Pocket Fiction setup
I’ve gone up in the world as far as podcasting is concerned; I’ve made my own recording studio. It’s not much, but it didn’t cost me much either. Most importantly, the quality of the recordings I’ve made has gone up, to the point where I’m wondering if I want to re-record the last couple of poor-quality episodes. Here’s a couple of photos of my set-up:
With the box lined, I put my microphone in one corner, leaving plenty of room for whatever else I needed. My laptop does fit in there, but it’s much easier to leave it out on the side. Instead, I take my wife’s iPad in there. If I transfer whatever I’m reading onto it, I have a backlit screen behind the microphone that I can read from.
The last bit of physical kit was a pop-guard. By far the most irritating thing was editing out all the plosive sounds – p sounds that ‘pop’ in the recording. I looked online; they were about £3, and I nearly bought one. Then I came across a tutorial that demonstrated how to make my own, pointing out that the part most likely to wear out (the material, not the ring) can’t be replaced on one that you buy. So £3 might be good for six months, but then it’s another £3, and then another. Instead, I used a cross-stitch hoop, a £1 pair of tights, a £1 jubilee clip and a length of stiff wire to make my own pop-guard. It works like a dream. No more plosives!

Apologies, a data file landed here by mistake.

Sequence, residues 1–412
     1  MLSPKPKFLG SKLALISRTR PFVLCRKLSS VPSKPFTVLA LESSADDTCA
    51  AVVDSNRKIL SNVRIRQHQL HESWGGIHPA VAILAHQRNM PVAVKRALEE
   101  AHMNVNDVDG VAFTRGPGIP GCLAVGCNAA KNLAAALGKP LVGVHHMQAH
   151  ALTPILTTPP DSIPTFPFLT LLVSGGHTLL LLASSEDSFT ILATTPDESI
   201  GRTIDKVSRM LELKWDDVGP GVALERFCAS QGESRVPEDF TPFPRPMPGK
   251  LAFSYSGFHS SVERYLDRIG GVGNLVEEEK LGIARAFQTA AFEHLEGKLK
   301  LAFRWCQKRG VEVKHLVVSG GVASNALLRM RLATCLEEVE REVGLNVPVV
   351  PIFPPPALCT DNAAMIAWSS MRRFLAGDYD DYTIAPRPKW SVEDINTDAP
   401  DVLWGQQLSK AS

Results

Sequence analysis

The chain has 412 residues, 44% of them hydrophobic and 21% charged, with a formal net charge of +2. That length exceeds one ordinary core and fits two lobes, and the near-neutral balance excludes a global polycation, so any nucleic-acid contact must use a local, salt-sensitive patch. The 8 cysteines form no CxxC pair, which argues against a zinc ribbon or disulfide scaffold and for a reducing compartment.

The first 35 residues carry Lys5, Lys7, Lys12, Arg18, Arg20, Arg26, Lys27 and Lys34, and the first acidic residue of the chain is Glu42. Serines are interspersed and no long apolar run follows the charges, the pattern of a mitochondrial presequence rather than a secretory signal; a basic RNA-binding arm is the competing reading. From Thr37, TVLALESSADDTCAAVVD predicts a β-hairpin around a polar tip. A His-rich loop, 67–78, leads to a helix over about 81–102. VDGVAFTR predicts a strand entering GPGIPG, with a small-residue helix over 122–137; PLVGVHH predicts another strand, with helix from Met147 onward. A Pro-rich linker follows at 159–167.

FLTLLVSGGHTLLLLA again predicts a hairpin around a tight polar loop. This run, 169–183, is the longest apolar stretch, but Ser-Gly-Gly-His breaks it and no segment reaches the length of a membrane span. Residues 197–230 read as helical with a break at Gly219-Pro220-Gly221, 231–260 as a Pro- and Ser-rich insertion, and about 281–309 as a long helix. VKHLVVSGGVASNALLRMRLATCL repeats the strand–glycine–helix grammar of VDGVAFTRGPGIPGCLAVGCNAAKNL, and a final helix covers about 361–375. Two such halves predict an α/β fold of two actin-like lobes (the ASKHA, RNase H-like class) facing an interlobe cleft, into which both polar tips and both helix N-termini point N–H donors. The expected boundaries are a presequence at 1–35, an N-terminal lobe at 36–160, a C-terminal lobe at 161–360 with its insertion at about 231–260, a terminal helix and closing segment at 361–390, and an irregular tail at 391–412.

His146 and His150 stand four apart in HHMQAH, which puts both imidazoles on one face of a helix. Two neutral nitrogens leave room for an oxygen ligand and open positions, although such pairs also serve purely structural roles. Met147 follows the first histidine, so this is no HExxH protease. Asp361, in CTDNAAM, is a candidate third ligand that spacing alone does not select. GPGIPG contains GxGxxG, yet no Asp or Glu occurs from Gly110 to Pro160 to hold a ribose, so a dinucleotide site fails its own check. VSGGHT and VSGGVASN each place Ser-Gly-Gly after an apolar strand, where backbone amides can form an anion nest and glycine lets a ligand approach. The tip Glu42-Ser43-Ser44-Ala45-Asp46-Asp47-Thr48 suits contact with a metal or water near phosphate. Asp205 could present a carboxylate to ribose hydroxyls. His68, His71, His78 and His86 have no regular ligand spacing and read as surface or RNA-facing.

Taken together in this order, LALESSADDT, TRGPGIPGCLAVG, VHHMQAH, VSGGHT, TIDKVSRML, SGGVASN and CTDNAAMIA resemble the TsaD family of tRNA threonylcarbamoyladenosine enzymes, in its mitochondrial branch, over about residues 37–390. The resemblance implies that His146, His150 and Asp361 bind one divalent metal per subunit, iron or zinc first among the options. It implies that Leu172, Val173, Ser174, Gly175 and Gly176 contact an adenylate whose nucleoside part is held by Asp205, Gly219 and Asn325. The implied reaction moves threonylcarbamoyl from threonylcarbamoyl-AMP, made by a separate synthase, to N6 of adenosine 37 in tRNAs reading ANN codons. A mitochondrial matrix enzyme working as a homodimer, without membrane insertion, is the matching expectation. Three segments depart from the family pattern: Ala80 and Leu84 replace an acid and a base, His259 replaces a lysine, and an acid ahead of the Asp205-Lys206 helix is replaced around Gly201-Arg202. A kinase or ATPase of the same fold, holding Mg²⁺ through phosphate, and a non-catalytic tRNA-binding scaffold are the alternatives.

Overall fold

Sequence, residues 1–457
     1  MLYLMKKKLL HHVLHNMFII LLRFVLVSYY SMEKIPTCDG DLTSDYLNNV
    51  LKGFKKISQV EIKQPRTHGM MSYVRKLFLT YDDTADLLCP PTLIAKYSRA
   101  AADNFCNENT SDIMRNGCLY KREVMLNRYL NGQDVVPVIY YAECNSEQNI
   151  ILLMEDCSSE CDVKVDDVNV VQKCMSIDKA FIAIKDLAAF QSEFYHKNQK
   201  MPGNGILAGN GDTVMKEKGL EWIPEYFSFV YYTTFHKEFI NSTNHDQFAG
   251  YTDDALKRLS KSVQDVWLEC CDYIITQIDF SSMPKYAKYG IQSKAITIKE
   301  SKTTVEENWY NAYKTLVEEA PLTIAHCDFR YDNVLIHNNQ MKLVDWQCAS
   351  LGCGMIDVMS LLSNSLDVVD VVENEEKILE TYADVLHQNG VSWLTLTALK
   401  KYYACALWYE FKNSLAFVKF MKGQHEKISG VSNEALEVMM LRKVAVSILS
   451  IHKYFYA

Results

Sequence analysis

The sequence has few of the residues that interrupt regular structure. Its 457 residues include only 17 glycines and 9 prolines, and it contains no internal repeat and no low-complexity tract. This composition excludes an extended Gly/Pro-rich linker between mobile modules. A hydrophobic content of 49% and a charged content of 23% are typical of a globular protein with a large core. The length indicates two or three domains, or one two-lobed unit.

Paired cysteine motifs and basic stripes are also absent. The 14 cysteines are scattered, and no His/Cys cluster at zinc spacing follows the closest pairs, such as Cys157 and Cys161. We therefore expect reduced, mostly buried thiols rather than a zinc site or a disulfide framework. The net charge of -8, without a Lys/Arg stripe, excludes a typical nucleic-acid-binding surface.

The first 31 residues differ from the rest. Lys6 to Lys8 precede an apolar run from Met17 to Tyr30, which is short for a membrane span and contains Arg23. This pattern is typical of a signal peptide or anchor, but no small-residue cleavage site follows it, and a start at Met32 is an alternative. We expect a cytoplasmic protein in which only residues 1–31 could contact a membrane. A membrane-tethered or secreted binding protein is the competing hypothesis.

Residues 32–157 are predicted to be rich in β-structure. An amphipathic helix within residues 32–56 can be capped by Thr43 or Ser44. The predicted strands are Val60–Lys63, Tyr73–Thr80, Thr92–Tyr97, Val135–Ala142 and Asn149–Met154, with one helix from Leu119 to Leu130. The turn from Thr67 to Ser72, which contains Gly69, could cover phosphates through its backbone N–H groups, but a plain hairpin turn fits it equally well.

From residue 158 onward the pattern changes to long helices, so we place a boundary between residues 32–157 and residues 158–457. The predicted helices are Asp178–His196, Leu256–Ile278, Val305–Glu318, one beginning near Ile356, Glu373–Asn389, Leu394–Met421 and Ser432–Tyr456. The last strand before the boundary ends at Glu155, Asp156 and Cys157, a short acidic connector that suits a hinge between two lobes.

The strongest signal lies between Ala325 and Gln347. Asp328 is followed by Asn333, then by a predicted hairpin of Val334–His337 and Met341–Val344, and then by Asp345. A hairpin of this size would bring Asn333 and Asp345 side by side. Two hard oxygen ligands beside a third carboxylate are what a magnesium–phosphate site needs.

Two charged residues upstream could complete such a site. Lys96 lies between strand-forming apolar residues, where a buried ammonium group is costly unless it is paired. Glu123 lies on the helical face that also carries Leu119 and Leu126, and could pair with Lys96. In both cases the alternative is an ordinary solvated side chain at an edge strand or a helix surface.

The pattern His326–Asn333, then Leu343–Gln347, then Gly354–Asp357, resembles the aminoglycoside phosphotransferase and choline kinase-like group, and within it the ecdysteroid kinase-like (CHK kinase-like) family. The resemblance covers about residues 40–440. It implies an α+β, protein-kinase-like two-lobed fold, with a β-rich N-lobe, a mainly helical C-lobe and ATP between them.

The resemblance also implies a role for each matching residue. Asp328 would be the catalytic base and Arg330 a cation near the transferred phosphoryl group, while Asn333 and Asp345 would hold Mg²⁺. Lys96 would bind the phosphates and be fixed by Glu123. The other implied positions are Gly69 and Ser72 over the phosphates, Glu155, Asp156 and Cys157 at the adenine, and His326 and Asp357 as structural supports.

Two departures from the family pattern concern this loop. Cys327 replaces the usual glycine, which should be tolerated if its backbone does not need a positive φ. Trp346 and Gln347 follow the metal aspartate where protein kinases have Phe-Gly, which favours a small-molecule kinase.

The ‘studio’ itself is a nice little walk-in cupboard we’ve got under the stairs. I’ve cleared it to the point where I can stand in it. The printer lives there, among a hundred other things, and on top of that is my recording booth.
I started with a box – I got lucky, and found one that exactly fitted the measurements of the space.
I bought 10 squares of sound-proofing foam from eBay. I spent a while comparing the different sorts, but I couldn’t find any definitive proof that, at the standard I’m working to, a more expensive foam would yield a better result. I wasted a fair amount of time sticking it in with tape, then super glue, before finally shelling out £14 for a can of spray-adhesive. In a side note, there is a lumber shop in Brockley that sells everything. Like, everything you could ever want. Ever.
Software was next. I’m blessed that I’ve got a Mac here, really, as the second-to-most-recent version of GarageBand includes a Podcast template. I’ve got some fiddling to do to ensure that it sounds the best it can, but that’s a good place to start.
And that’s it! I’ve had the microphone for over six months now, and that was by far the most expensive piece, coming in at about £80. The box was £13, the foam was £6, the pop-guard maybe cost around £10 or less. GarageBand is free, as is iMovie (which I use to port the podcasts to my YouTube channel.